I just opened up my handy dandy equivalency chart and took solace in remembering that my kids don’t give a damn about any of it- neither the imaginary numbers the Machine withholds, nor the pretend valuations that I ascribe. They used the Social Security document as a coloring page.


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'What an At-Home Parent is REALLY Worth' have 19 comments

  1. October 14, 2014 @ 1:44 PM Melissa

    i LOVE you for this!!!! I definitely like your necessary specs and look of intensity while doing MG’s hair.

    Reply

    • October 22, 2014 @ 1:36 PM Bret Spears

      Thanks so much, Melissa! I’ve got the ponytail down, but I’m still working on the braiding. Mary Grace is a sport about it.

      Reply

  2. October 15, 2014 @ 9:10 PM Eric

    Haha, one of the best blog posts I’ve read in a long time.

    Reply

    • October 22, 2014 @ 1:39 PM Bret Spears

      Thanks for the kind words, Eric. It’s good to hear from you.

      Reply

  3. October 15, 2014 @ 9:50 PM Mariana

    I love your blog, your family and I think you are an amazing dad! God luck with the hairstylist thing… hehehe

    Reply

    • October 22, 2014 @ 1:42 PM Bret Spears

      You’re too kind, Mariana. Sincere thanks for the love and support.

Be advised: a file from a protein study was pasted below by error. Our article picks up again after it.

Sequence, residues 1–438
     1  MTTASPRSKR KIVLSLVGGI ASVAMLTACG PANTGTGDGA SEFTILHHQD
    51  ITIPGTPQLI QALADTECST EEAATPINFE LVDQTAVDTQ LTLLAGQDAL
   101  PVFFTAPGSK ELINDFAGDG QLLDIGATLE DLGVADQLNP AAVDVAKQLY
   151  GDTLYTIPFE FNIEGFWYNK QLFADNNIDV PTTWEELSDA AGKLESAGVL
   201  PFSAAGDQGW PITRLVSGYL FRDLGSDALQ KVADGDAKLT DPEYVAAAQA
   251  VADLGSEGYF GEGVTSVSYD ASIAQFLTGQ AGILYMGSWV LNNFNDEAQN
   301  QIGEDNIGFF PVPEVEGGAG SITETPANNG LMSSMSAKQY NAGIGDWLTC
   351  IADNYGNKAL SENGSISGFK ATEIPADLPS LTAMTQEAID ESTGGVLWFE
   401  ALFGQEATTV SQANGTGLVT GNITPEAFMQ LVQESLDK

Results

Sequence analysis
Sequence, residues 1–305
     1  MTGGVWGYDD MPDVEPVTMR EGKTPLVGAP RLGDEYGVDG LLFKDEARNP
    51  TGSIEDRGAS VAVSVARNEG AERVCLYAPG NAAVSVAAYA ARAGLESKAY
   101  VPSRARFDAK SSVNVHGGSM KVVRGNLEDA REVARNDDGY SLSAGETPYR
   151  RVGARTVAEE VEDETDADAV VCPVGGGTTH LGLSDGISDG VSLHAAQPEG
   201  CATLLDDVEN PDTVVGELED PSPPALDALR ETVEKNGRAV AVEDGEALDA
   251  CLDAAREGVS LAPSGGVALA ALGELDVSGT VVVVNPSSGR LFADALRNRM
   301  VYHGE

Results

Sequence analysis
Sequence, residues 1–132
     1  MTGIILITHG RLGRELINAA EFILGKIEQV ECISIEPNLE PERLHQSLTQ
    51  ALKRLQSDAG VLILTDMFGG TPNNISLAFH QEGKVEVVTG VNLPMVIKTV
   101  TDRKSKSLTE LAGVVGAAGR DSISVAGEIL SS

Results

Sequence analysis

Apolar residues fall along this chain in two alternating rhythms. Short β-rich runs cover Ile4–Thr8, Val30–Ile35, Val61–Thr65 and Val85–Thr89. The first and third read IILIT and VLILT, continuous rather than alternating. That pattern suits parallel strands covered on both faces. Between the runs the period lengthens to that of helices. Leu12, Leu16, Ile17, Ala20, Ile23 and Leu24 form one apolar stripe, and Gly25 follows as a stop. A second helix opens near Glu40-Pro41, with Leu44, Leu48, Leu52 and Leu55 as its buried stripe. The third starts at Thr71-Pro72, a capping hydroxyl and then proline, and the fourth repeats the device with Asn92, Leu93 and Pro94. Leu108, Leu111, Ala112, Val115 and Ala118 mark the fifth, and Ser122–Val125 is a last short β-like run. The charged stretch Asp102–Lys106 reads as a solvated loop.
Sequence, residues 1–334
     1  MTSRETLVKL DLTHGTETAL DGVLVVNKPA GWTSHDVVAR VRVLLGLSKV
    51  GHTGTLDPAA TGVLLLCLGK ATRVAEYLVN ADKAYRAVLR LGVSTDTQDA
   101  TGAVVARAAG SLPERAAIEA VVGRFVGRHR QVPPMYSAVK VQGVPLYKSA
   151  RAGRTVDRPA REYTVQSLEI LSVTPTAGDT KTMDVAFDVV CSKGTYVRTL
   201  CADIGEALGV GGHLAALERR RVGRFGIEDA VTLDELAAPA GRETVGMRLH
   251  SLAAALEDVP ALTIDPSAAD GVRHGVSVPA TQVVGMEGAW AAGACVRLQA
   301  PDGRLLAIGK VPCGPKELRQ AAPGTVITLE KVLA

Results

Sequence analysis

Reply

  4. October 16, 2014 @ 5:09 PM Monica

    Awesome awesome awesome.

    Reply

    • October 22, 2014 @ 1:43 PM Bret Spears

      YOU are! 😉

      Reply

    • September 8, 2016 @ 12:34 PM Carlee

      You’ve hit the ball out the park! Inliedrbce!

      Reply

  5. October 18, 2014 @ 11:34 AM Eric

    Yep. I struggle with the same thing since (1) my wife makes significantly more than I do and (2) the flexibility of my job means I stay at home with the kiddo in the mornings. It’s awesome to be with my kid (mostly, other than when I’d much rather be doing something else)! But it’s horrendous on the ego.

    Good thing egos aren’t worth their weight in dollars.

    Reply

    • October 22, 2014 @ 1:54 PM Bret Spears

      It’s funny how the exact same work can cause you to burgeon with pride and cower in shame. Ego is definitely in need of constant vigilance. Good words, brother.

      Reply

  6. February 4, 2015 @ 1:09 PM Matthew

    Im also a stay at home dad, w/ one two and a half year old. Have beed doing so for over a year now. My wife sent me a link to this article. Love it! I feel the same way as you about the valuation of self. Keeping in mind i never had a huge salary that i had to give up. The lack of twenty thousand dollars last year was different. Definitely worth it; nothing compares!

    Reply

    • February 5, 2015 @ 10:19 PM Bret Spears